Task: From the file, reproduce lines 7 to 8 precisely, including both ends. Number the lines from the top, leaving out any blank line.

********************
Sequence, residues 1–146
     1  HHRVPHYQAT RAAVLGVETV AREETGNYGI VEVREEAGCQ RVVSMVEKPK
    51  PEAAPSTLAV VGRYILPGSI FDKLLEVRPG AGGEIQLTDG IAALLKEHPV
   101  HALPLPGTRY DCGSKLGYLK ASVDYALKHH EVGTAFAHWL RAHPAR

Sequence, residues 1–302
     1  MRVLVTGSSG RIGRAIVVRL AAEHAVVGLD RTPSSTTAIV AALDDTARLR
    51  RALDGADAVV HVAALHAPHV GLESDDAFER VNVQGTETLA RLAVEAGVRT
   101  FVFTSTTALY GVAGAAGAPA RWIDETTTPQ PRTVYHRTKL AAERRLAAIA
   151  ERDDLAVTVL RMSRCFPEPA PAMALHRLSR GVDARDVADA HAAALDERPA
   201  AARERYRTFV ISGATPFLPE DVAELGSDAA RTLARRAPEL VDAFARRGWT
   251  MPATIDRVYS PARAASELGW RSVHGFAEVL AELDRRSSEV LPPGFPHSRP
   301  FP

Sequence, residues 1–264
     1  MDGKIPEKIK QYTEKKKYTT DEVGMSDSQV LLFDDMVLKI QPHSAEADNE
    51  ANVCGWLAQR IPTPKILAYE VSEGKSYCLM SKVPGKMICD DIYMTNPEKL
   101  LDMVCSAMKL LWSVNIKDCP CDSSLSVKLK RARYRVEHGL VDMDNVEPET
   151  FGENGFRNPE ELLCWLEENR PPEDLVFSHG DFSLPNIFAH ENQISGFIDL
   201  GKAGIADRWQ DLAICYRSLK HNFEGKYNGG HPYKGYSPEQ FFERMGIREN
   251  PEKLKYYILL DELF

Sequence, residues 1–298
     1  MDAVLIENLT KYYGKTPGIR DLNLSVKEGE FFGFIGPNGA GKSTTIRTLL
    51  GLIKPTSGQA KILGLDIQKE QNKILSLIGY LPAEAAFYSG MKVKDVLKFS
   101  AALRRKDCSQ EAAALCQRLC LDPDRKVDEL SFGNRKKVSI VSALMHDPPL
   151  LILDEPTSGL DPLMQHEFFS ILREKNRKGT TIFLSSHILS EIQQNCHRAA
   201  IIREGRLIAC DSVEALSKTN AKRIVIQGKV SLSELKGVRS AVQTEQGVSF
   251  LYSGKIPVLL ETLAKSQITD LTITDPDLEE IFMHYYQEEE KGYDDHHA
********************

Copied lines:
    51  RALDGADAVV HVAALHAPHV GLESDDAFER VNVQGTETLA RLAVEAGVRT
   101  FVFTSTTALY GVAGAAGAPA RWIDETTTPQ PRTVYHRTKL AAERRLAAIA